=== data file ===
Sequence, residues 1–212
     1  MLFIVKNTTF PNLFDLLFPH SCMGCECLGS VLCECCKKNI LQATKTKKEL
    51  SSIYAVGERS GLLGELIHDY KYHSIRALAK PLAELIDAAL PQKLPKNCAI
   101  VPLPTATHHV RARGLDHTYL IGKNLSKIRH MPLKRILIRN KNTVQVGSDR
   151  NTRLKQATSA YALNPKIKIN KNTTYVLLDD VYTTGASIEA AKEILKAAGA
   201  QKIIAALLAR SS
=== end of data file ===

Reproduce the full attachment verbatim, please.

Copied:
Sequence, residues 1–212
     1  MLFIVKNTTF PNLFDLLFPH SCMGCECLGS VLCECCKKNI LQATKTKKEL
    51  SSIYAVGERS GLLGELIHDY KYHSIRALAK PLAELIDAAL PQKLPKNCAI
   101  VPLPTATHHV RARGLDHTYL IGKNLSKIRH MPLKRILIRN KNTVQVGSDR
   151  NTRLKQATSA YALNPKIKIN KNTTYVLLDD VYTTGASIEA AKEILKAAGA
   201  QKIIAALLAR SS